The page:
Links of Gold

Two queens, on islands half a world apart, inspired a tradition more than a century old.

Queen Kapiolani and Princess Liliu 1887 London
In 1887, Queen Victoria’s Golden Jubilee brought heads of state to London from around the world, including Queen Kapi‘olani (seated) and Princess Lili‘uokalani.

On January 17, 1893, a group of American businessmen and sugar planters forced Queen Lili‘uokalani to abdicate her throne. According to Rickard, the popularity of gold enameled bracelets surged following the overthrow, perhaps worn to express a people’s grief. “Where fashion once followed politics in Great Britain, so did it now among the women of Honolulu,” write Rickard.

Today the bracelets have become a symbol of Hawaiian history and a loving tradition connecting generations.

Maelia Loebenstein Carter will never forget the story of her great-grandfather’s marriage proposal to her great grandmother.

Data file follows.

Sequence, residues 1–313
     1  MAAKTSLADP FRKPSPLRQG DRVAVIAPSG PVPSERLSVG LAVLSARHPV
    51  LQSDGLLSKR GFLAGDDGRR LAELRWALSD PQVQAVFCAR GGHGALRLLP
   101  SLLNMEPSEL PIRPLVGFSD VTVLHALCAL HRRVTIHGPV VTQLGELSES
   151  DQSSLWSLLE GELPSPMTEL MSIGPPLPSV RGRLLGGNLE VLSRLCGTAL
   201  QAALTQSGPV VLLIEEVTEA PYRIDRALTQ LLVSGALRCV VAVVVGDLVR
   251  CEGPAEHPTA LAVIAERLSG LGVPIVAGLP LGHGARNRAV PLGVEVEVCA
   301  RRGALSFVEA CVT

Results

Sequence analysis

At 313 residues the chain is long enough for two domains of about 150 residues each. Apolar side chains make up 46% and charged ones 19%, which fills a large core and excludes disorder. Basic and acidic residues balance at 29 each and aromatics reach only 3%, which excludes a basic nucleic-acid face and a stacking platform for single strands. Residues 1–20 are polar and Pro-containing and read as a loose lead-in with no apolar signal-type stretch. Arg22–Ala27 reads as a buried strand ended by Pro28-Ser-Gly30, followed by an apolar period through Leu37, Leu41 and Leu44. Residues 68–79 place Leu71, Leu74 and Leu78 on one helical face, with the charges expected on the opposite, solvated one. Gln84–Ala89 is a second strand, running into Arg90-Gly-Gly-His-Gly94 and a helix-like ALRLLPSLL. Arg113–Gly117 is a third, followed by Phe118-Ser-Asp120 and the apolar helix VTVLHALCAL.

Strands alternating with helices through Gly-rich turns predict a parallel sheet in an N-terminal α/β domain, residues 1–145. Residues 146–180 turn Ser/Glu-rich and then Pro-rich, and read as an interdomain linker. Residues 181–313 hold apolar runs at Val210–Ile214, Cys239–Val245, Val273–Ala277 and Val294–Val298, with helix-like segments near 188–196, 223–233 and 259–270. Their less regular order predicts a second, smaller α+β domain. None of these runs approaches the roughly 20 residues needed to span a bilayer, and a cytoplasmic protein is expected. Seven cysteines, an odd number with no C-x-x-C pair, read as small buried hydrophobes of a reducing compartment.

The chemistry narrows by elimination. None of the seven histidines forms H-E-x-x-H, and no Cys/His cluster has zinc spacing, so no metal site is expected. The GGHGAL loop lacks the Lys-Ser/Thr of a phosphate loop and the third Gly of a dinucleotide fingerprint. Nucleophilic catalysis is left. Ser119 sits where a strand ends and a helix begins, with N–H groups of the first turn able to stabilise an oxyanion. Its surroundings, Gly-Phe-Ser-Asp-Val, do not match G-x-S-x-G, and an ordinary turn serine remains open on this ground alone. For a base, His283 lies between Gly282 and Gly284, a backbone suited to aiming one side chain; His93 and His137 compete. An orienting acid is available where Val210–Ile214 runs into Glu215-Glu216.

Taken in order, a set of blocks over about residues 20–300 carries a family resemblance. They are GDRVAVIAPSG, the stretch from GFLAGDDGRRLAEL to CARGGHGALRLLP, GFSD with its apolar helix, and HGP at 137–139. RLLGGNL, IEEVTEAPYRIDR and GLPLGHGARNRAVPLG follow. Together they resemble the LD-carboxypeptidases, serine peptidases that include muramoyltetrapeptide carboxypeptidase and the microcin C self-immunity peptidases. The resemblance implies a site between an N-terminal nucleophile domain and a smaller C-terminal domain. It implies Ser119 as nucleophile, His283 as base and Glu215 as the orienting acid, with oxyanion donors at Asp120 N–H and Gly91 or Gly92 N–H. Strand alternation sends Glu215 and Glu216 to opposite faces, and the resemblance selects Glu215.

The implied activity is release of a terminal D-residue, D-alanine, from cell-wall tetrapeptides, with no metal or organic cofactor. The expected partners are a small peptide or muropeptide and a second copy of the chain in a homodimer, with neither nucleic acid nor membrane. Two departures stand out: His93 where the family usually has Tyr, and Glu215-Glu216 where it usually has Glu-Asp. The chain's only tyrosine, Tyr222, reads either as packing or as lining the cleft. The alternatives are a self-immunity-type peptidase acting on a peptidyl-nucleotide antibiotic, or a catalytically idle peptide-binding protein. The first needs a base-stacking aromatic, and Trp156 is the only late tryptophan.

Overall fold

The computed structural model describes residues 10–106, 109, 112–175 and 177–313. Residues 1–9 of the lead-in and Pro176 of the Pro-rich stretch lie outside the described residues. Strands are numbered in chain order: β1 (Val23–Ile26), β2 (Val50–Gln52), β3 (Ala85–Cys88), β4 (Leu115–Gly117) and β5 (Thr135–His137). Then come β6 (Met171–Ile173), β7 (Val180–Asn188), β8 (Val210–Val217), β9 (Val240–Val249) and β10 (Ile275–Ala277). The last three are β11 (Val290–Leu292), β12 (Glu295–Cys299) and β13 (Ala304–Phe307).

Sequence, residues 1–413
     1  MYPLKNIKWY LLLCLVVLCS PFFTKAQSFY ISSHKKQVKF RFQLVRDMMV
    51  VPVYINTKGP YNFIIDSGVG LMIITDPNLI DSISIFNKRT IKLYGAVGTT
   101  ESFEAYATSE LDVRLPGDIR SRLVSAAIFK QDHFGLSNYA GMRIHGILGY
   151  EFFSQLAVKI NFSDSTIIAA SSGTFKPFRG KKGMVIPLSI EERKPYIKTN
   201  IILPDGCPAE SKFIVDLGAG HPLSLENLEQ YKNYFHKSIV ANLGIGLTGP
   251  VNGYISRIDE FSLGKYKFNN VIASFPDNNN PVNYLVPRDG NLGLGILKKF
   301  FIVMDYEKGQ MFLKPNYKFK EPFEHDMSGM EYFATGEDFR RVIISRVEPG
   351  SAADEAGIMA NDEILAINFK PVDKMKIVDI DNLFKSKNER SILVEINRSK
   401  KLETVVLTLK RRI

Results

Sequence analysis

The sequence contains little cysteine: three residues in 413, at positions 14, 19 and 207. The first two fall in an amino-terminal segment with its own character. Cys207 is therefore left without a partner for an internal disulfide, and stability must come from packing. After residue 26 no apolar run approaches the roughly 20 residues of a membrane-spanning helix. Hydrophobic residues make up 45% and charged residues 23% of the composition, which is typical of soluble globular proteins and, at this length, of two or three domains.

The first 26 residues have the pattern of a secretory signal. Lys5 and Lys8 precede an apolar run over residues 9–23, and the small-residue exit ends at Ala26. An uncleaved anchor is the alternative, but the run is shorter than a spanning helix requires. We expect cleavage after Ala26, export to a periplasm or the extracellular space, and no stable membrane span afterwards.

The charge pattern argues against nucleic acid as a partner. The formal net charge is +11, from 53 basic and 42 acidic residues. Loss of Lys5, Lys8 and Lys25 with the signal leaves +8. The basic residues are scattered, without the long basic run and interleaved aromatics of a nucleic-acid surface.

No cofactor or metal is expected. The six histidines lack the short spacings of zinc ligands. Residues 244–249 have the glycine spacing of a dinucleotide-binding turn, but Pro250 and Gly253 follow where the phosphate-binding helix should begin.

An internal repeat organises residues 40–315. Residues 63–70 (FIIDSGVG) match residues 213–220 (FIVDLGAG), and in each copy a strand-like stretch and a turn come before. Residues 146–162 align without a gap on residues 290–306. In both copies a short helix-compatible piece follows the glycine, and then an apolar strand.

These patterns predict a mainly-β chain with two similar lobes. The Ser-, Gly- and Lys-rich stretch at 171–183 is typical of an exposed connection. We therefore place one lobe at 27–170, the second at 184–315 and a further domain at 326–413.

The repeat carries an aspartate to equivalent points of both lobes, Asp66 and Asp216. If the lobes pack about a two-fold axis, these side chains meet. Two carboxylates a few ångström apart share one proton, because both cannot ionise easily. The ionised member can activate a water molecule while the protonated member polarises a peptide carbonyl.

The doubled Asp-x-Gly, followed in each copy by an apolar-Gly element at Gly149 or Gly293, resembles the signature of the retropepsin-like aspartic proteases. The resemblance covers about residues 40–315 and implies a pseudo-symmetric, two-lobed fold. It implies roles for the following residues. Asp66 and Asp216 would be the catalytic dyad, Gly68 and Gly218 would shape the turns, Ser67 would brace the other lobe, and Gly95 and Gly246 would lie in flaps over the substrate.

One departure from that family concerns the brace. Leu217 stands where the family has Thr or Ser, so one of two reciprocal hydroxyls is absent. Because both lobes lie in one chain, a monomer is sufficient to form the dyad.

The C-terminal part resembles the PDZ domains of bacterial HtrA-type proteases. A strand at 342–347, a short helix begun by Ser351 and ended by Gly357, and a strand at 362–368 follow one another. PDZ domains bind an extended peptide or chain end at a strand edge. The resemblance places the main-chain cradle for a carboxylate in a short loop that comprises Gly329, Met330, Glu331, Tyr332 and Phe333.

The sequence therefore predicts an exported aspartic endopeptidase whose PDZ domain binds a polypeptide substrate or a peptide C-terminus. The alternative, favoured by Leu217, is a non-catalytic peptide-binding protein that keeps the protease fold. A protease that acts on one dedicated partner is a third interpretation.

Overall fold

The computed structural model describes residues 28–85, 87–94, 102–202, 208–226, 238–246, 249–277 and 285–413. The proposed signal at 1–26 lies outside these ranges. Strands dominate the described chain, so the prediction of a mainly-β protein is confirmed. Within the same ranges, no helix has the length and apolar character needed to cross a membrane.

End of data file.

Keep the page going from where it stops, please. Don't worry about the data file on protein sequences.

“Albert Loebenstein was a German immigrant who came to Hawai‘i around the late 1800s,” explains Maelia. “He later became a part of the Hawai‘i Territorial Legislature, and the story goes that whenever he would sign the bills, instead of writing his signature, he would write, ‘If not why not.’”

When Albert proposed to Maelia’s great-grandmother Mary Kaliko Spencer, he handed her not a ring, but a gold bracelet embellished with those same four words. Maelia’s grandfather proposed to her grandmother Mae Loebenstein with that same bracelet, later engraving it with the date of his proposal — which was also her twentieth birthday: May 9, 1931. Today it adorns Maelia’s wrist.

“My grandmother wore it for over sixty years,” says Maelia. “I always feel a little closer to her and my great-grandmother when I wear it.”



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